Power of Situations
Power of Situations
In the,” The power of situations”, by Lee Ross and Richard E. Nisbett, the authors are trying to show the power of situations effecting the decisions of the people, how people react in different situations. The authors are trying to prove that social psychology rivals philosophy in teaching people that they do not understand the true nature of the world. The above claim is supported by two experiments, the Good Samaritan experiment by Darley and Batson, and the bystander effect experiment. The authors purpose was to prove how situations effect out actions, they were successful in proving it by acquiring such positive results in both of the experiments. The authors argue the difference in the point of view of the undergraduates and graduates of social psychology about the human behavior. Undergraduates who while taking their courses finds many facts about human behavior, it makes them feel satisfied with information, whereas graduates who have studied the human behavior for a long time have a challenged point of view towards the causes of human behavior than undergraduates.
According to the authors small detail in an incident does not matter, what matters is the situation in which the incident took place. Authors argue about how the social psychology surpasses philosophy while making a decision. Even graduate students with years of experience, are not certain in predicting human behavior under peer pressure. In the end the authors talk about the “fundamental attribution error” it says that people who consider the personality traits and common tendencies in predicting the human behavior are proven wrong. They often fail to take into consideration the situational factors that affect the behavior. The bystander effect is used by the authors to prove that predicting ones behavior is impossible if we take into considerations the insignificant details. In this experiment the subject is John who is put in a situation in which he sees a man by the door asking for help, we are supposed to predict the behavior of John.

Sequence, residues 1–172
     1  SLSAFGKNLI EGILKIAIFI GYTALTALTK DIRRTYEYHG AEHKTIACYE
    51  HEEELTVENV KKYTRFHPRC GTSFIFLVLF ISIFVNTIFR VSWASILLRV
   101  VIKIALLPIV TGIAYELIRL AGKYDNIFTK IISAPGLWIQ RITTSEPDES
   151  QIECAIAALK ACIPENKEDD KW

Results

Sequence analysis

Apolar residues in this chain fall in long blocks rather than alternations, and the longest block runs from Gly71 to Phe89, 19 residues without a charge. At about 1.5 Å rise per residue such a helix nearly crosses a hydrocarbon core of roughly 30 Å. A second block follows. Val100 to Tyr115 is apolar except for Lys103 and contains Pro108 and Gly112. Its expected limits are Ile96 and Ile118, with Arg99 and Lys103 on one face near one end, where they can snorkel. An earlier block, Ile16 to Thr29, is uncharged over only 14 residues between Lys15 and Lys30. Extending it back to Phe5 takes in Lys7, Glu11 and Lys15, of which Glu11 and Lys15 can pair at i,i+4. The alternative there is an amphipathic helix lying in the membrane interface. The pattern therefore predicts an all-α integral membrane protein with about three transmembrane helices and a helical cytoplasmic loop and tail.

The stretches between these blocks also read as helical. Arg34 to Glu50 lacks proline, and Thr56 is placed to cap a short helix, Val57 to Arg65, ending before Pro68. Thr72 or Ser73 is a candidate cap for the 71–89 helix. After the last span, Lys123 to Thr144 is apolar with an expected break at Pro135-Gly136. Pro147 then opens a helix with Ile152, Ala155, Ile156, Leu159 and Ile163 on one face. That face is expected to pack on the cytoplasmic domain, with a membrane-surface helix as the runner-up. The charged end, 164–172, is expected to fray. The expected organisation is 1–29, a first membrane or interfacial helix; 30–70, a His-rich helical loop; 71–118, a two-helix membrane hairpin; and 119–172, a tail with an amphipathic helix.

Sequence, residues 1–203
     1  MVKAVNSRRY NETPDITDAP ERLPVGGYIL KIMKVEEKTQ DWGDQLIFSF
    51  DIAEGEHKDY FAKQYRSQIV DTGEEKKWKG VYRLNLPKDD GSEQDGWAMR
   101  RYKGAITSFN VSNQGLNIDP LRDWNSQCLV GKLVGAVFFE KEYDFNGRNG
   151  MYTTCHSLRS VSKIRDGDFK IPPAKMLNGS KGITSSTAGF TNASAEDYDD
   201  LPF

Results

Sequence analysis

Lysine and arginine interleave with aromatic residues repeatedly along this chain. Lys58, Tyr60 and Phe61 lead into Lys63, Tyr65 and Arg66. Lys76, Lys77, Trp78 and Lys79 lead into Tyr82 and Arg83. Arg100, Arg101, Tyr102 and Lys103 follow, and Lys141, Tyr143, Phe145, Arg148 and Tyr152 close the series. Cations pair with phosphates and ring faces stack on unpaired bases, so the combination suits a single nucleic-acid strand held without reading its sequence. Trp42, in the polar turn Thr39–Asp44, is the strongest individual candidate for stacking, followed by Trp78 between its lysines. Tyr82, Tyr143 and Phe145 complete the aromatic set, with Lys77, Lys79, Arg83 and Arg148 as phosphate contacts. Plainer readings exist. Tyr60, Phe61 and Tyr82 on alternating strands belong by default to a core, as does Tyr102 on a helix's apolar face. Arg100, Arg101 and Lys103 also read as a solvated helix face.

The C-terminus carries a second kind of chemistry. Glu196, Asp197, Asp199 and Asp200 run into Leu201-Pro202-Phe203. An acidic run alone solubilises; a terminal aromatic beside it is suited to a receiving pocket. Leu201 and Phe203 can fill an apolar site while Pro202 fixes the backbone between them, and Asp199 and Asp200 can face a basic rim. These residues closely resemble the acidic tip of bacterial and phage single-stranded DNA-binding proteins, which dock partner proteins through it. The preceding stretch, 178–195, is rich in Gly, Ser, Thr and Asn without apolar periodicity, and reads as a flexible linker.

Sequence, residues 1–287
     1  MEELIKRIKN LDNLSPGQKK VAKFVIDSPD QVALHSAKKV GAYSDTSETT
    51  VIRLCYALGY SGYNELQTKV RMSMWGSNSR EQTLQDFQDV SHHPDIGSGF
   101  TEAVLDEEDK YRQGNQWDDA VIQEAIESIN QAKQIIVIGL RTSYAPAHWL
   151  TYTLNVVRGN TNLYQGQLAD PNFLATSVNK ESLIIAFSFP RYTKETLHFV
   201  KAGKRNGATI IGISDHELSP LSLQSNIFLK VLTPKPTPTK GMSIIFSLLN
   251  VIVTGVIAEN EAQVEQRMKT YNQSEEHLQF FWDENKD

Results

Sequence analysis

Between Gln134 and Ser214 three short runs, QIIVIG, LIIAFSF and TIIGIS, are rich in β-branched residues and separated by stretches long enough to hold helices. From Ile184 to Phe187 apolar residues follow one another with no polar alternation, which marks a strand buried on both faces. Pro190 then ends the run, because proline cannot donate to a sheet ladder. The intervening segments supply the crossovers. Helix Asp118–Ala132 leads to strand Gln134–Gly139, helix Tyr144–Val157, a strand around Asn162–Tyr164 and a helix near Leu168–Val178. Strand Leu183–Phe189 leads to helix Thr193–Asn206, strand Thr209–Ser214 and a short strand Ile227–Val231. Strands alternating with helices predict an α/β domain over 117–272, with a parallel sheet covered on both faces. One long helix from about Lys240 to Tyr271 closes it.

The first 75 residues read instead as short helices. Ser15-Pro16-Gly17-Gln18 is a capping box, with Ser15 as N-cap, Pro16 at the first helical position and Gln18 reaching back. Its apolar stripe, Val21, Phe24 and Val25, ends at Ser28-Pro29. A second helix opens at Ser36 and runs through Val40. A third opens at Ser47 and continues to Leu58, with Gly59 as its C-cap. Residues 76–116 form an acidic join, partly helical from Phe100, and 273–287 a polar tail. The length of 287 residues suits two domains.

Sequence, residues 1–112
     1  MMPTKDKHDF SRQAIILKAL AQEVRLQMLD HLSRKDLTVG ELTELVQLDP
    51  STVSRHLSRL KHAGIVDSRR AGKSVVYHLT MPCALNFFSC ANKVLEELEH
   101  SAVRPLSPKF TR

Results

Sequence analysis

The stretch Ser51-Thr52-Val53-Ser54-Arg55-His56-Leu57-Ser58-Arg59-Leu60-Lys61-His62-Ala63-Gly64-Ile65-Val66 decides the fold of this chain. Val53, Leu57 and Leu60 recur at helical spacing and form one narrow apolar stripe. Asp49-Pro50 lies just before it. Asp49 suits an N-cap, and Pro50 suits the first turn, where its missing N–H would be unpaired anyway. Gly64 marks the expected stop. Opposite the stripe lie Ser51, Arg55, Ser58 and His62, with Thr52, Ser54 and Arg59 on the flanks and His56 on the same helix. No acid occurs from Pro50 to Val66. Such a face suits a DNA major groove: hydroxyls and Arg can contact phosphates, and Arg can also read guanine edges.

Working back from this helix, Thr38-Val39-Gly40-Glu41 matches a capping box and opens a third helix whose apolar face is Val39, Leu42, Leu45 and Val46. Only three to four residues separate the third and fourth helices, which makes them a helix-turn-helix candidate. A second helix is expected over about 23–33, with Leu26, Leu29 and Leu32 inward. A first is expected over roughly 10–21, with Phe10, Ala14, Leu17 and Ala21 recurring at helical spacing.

A normal person would take into consideration the specific details of the situation and predict the behavior; this will result into a wrong prediction, the details of the circumstance does not helps predicting johns behavior, only the situation and the actions of other bystander is considered while predicting ones behavior. The author is successful in proving the bystander effect on a person in any situation. There are many other experiments conducted world-wide proving the effect of bystander intervention. One of the most famous experiments was one conducted by Latane and Darley, in which participants were kept in a room and smoke was released in it, the percent of participants who reported the smoke decreased as the participants increased in a room.
A special thing about this bystander effect is that: the more bystanders present when help is needed, the less assistance any of them will provide. The authors have mentioned another experiment conducted by Darley and Batson named “The Good Samaritan” experiment. It is a study of how people react to an emergency in different situations and levels of urgency. The researchers had three hypotheses to prove via this experiment:
1. People who are religious does not act any different those who are not, in a situation.
2. People in a hurry are less likely to help others.
3. People who are religions in a Samaritan fashion will be more likely to help than those who are not. The researches gave a task to certain amount of people, and on their way going the other side of building, they were faced with an emergency situation, and the researchers were to record how many participants helped in that situation. The results of this experiment were very promising regarding one of the hypotheses, that people in a hurry are less likely to help others. The results proved that no matter how we think about a situation, our actions are not the same.
Other thing that authors point-out is the “Fundamental attribution error” it means that people always try to predict a human behavior by observing their personality-traits, rather than observing the situational factors. Observing personal traits never help in predicting someone’s actions, it is the situational factors that help us predict human behavior.
There are many other experiments by different researches which concurs with the claim of Ross and Nisbett, that how the situations affects the human behavior, and by manipulating the situation, we can change the outcome of behavior, some of them are, Sherif’s “Autokinetic Paradigm” showed how group dynamics can influence group behavior, Solomon Asch’s experiment of social pressure, Tajfel showed that even the mere classification of people into groups can elicit partisan group behavior. The results and statistics of the authors claim were very accurate, and well supported by other researchers.
The Bystander Effect, Web. 1 Jan. 2010. <http://sociologyiu09.wordpress.com/2010/01/02/bystander-effect/>
Darley, J. M., and Batson, C.D., “From Jerusalem to Jericho”: A study of Situational and Dispositional Variables in Helping Behavior”. JPSP, 1973, 27, 100-108.
Ross, L., and Nisbett, R. E., The Person and the Situation, 1991. Chapters 1 and 2.